Meanwhile, if you’ve never seen this legendary bit of hambone acting, you’re in for a treat.
Meanwhile, if you’ve never seen this legendary bit of hambone acting, you’re in for a treat.
My father was an incorrigible name dropper. He called famous actors and directors by their first names, suggesting an intimacy that didn’t always exist. He had met a lot of celebrities when he worked as a unit production manager on The Tonight Show. One chance encounter with Richard Pryor and he was “Richie” forever. Dad reached the heights of chutzpah when he went to the theater with a friend one night and spotted the actress Gwen Verdon. He walked down to her, introduced himself, and kissed her on the cheek as if they’d known each other for years. Ms. Verdon was delighted. Dad’s friend was amazed.
I remember watching “12 Angry Men” with the old man when I was a kid. “It’s almost as good as the original,” he said, referring to the TV production. “You see how exciting a movie can be even if it takes place in one room?”
I was captivated and by the end, I felt intelligent, finally on the right side of the line that separates boys and men. It was directed by “Sidney,” Sidney Lumet. They had crossed paths once; Dad had wanted to turn “Fail Safe” into a movie, a project that Lumet eventually directed. The old man admired Lumet not just because he was a fellow New Yorker but also because they shared a similar aesthetic, a love of the theater and actors. Dad was an avid theatergoer starting in his early teens through his mid thirties when he became an independent documentary producer. He revered Lumet’s quick and efficient approach to shooting a movie.
“Sidney always comes in under budget and has it in his contract that he keeps the difference,” he told me, raising his eyebrows. “Now, that is a smart man.”
Not long after my mother kicked him out, Dad saw “The Verdict” and raved about the performance Lumet got out of Paul Newman as a lawyer who became an alcoholic when he got screwed over, then sobered up when the chance for redemption arose. His clients got justice, he got back his self-respect, and I got squat because I was 11 and Dad said that was too young to watch the movie. The closest I got was the commercials on TV. Everything looked dark brown, courtrooms and bars alike, and Newman seemed so frail I didn’t even notice his famous blue eyes.
Dad holed up on his own in Weehawken, across the Hudson, after his next girlfriend gave him the boot as well. There were two things that he liked about New Jersey: the view of New York City from his bedroom window, and that the liquor store down the block opened before noon on Sundays.
I remember visiting him without my brother or sister one time in January 1983, shortly after “The Verdict” came out. It was a late Saturday afternoon, almost dark, and the sun reflected off the tall buildings overlooking 12th Avenue. The old man was lying on his bed in his underwear and t-shirt smoking a Pall Mall. The heating pipes clanged. The windows were sealed shut around the edges by duct tape but still rattled when it got windy. A glass of vodka sat next to the ashtray on his night table. I used to fantasize about emptying his Smirnoff bottle in the kitchen sink and filling it back up with water. But I never had the nerve.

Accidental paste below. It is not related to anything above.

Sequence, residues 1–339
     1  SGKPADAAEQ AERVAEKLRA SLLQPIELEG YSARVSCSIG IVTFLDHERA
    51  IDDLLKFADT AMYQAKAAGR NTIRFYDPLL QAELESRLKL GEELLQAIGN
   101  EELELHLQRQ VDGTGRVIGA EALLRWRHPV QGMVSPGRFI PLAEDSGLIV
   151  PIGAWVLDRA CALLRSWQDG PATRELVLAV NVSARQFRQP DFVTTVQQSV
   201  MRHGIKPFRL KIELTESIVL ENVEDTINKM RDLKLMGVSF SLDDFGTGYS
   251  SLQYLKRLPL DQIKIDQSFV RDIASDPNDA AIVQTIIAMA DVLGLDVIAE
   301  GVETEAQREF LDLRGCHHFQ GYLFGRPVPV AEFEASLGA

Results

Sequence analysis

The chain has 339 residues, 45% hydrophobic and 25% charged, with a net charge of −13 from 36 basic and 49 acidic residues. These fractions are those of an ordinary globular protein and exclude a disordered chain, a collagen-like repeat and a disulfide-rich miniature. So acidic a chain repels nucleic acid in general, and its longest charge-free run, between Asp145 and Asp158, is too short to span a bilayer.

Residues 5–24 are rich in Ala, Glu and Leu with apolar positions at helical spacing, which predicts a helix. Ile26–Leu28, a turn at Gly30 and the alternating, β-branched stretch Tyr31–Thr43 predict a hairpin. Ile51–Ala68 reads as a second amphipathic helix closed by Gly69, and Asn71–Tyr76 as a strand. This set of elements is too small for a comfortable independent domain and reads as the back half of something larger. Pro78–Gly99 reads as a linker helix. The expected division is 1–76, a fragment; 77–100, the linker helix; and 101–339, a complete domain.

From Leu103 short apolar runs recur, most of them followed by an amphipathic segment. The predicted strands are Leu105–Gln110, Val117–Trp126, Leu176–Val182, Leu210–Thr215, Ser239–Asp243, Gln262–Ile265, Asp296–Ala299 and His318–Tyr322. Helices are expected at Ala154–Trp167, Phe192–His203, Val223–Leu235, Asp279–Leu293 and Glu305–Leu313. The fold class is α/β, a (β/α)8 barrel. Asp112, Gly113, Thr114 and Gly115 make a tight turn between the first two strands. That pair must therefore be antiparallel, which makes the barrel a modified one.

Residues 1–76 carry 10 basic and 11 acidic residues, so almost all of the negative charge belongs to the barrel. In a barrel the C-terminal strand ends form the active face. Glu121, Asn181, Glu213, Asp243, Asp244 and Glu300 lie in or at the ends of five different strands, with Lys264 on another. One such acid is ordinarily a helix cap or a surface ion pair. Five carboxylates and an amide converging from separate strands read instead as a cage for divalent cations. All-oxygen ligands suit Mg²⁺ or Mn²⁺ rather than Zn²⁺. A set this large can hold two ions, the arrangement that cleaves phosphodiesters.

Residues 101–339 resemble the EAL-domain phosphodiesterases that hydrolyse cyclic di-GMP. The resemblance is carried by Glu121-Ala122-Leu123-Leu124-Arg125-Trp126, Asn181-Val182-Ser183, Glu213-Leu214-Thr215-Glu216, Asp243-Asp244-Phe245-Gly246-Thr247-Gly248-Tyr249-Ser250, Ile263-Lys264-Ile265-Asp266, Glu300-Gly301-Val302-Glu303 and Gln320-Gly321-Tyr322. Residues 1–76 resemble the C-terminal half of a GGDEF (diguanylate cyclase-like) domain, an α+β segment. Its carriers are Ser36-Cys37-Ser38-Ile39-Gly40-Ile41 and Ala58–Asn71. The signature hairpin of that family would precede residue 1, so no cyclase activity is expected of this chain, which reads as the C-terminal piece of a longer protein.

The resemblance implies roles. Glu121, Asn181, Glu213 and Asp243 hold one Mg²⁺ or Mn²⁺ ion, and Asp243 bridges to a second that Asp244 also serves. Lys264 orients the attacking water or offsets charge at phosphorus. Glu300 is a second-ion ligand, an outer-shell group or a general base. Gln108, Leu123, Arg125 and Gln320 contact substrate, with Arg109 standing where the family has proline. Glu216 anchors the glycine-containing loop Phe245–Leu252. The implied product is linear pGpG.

Most of the time he’d make me entertain myself on the other side of the apartment, in the room without a view of the city. He didn’t want me reading comic books but I did anyway. Or I’d trace the movie ads from the Sunday paper. “The Verdict” was nominated for five Oscars including best actor and best picture. The movie ad showed Newman in a rumpled white shirt, tie loosened, his eyes half closed looking down. The light from a window washed over his face. He looked defeated. The text above read: “Frank Galvin Has One Last Chance at a Big Case.” I traced the movie poster and then drew it freehand. I felt the seriousness of the title “The Verdict.” I didn’t know what that term meant and didn’t ask.
Now I was content to sit next to Dad on his bed and look out the window at the orange light bouncing off the New York skyline. The view reminded us of how far we were from where we wanted to be.
There was a small black-and-white TV on the chest at the foot of the bed. An episode of M*A*S*H, the old man’s favorite show, ended. The familiar and mournful theme song, “Suicide is Painless” filled the room. Dad was talking about his girlfriend. He didn’t seem too bothered by their breakup. Leaving Manhattan was the bigger issue. With Mom, he was devastated. He still believed she was foolish to divorce him and was convinced that one day she’d come to her senses and have him back
Soon enough Dad returned to the subject of Sidney because Lumet directed the Saturday Afternoon Movie. “He always comes in under budget, do you know why? Because Sidney is not stupid, that’s why.”
“Dog Day Afternoon” was on TV: an Al Pacino movie for grown-ups, but Dad let me watch it with him anyway. Maybe the vodka he was drinking softened his resolve. I knew enough not to question why. Pacino—Dad called him “Al”—played Sonny, a little guy who robbed a bank in Brooklyn. The movie was about what happened in the inside of the bank with Sonny and the hostages. It was tense but parts were funny and I laughed when Dad laughed.
During a commercial break, I saw that his eyes were closed. I studied him. His stomach inflated and deflated in short, hard spurts. Dad was forty-five, almost six years removed from a heart attack, and his deep, uneven breathing worried me. He flexed his right foot and his big toe cracked so I knew he wasn’t asleep. Maybe he was meditating. He opened his eyes and smiled at me, put his hand over mine and looked back at the TV. When he took it away, it was to reach for another cigarette. I stared at the movie until I heard him start to snore. So I slipped out of bed, moving like a cat on the branch of a tree, and butted out his cigarette in the ashtray sitting on a table covered with burn marks. Then I climbed back into bed, careful not to rouse him. I wasn’t sure what was going to happen to the old man. He didn’t have a job and wasn’t in show business anymore. If only he would quit drinking.
I checked to see the progress of the light on the skyscrapers during the commercials. The orange glow began to fade as the sun set, turning softer, then pink as the sky darkened to a purplish blue. I thought of what Dad said when Channel Five ran the same public service announcement every night: “It’s 10:00 p.m. Do you know where your children are?” He’d say, “No, I don’t know where they are. I know they are not with me and that makes me very sad.” He told me so himself.